Key House Republican presses tech companies on Obamacare glitches


By Susan Cornwell

WASHINGTON, Oct 22 (Reuters) - The Republican chairman of akey congressional oversight committee has asked Google,Microsoft and three other U.S. companies to provide details ontheir possible involvement in a "tech surge" aimed at fixing awebsite implementing President Barack Obama's signaturehealthcare law.

Darrell Issa, chairman of the House Oversight and GovernmentReform Committee, made the request in a letter to Google, Microsoft, Verizon Enterprise Solutions, Oracle and Expedia, committeespokeswoman Caitlin Carroll said.

Issa, a relentless critic of the Obama administration, wantsinformation on contacts the companies may have had with theWhite House about the website by Friday. Carrollcalled it the first step of a "rolling inquiry" that couldinclude other companies.

The five named companies were selected because of pressreports about their potential involvement in fixing the website,Carroll said.

Google and Verizon declined to comment on the letter.Microsoft, Oracle and Expedia could not be immediately reachedfor comment.

Republicans, long opposed to the 2010 Affordable Care Act,known as "Obamacare," have started their own congressionalinvestigation about the role of the White House in the Oct. 1rollout of the website, which serves 36 states and is meant tohelp the uninsured determine their eligibility for tax creditstoward buying private coverage under Obamacare.

Only a trickle of users so far have been able to advancethrough the enrollment process on the website.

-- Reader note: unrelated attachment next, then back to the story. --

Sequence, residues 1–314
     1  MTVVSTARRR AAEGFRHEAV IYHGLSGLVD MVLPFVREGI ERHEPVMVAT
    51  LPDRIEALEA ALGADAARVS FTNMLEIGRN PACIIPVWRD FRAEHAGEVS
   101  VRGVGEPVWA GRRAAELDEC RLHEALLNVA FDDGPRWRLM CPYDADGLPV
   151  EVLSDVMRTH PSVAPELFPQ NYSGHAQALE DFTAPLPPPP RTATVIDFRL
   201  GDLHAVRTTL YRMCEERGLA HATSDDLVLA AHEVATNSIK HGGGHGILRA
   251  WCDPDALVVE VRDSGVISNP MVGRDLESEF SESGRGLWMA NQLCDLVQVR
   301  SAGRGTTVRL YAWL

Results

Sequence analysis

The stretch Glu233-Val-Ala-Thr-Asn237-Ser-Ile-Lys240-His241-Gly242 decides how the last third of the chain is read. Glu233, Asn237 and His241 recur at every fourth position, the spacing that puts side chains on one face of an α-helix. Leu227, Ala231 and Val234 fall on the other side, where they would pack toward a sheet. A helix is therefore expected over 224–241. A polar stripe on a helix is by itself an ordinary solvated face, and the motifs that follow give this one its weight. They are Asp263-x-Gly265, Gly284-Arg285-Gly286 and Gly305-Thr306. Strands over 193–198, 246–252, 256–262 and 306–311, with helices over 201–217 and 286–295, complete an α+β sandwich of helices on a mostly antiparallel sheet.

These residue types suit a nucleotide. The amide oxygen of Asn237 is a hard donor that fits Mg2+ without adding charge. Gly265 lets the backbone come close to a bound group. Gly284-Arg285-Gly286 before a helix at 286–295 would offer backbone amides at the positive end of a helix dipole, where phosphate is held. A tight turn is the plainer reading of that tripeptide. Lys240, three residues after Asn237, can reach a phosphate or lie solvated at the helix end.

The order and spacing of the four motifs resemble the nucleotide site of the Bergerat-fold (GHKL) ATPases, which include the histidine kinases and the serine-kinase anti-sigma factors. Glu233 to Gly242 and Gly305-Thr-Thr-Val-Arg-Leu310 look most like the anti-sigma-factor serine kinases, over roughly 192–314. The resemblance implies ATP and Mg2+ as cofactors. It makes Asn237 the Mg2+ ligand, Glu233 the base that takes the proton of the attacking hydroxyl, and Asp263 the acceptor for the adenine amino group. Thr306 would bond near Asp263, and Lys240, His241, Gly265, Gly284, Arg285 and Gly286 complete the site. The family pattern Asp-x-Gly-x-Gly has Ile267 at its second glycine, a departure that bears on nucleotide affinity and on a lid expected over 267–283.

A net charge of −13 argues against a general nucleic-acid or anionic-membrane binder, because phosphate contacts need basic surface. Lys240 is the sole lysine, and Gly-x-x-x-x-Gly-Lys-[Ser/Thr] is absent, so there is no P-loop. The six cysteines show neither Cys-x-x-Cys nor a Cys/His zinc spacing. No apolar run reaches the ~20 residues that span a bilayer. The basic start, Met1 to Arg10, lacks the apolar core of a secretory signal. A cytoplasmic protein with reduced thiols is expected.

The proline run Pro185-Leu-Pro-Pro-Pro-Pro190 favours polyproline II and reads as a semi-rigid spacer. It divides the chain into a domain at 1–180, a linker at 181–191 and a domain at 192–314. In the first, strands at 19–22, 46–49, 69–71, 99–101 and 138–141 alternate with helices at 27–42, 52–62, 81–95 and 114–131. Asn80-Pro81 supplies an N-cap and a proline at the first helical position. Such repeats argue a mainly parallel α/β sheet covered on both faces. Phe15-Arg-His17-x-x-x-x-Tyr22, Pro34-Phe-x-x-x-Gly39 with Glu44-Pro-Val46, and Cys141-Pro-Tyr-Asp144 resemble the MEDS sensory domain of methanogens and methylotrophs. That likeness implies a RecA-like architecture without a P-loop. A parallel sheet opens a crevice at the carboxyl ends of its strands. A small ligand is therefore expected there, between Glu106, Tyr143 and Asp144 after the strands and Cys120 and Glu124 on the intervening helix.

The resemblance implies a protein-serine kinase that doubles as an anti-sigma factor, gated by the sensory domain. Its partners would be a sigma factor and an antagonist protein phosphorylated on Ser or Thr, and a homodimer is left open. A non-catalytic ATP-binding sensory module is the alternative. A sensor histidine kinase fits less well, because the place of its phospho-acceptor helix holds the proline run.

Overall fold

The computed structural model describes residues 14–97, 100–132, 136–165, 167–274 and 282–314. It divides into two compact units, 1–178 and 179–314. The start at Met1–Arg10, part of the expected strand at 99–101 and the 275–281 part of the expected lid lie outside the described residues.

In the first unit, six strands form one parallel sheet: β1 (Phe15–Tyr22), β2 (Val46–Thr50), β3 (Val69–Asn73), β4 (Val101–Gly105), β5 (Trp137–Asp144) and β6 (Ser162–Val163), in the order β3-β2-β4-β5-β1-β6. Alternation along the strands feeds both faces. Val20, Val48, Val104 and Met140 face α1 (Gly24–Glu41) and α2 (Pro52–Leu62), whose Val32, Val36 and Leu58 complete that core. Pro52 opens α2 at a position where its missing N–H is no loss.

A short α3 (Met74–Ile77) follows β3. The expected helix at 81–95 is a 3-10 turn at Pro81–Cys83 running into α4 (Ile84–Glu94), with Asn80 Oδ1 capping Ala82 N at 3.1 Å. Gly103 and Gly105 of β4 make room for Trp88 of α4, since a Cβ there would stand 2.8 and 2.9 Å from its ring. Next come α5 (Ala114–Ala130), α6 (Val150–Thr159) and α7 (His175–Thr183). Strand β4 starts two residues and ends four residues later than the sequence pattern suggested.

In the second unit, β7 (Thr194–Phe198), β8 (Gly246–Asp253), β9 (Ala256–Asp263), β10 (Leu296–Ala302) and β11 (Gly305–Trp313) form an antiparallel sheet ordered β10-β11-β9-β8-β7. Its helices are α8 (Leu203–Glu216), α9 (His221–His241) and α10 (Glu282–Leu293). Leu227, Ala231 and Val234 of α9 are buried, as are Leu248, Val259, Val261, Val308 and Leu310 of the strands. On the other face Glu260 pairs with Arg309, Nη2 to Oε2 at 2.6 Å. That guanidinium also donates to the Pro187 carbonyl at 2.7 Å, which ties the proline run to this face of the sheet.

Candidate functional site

The Department of Health and Human Services said at theweekend it was launching a "tech surge" for the website, butneither it nor the White House has provided details about thecause of the problems, precisely what is being done to fix themand who exactly is doing the fixing.

Obama, who said on Monday that he was frustrated by thewebsite's problems, turned on Tuesday to trusted adviser JeffreyZients to lead the surge.

Zients, who will become head of the National EconomicCouncil in January, will provide short-term management adviceand counsel on the project, HHS Secretary Kathleen Sebelius saidin a blog posting.

She said a team of experts and specialists drawn fromgovernment and industry, "including veterans of top SiliconValley companies," also would work to diagnose and repair thewebsite's problems.

In his letter, a copy of which was provided to Reuters, Issacomplained of a dearth of information about the project.

"Despite the President's assertion that 'we're well into a"tech surge"' neither the White House nor HHS is providingadditional details about which private sector companies havebeen engaged or whether they are being engaged through theappropriate procurement processes," Issa said in the letter.

"Your company has, however, been prominently mentioned inpublic discussion related to," Issa said.

He asked that the companies indicate in writing by Fridaywhat contacts they have had with the administration or "anyentity" working on the website project, and for a "specificdescription of any and all problems brought to your attention."

At least two other congressional committees areinvestigating the glitches and whether the administration wasforthright about the problems. Several contractors are due toappear at a hearing on Thursday about their work on the website.

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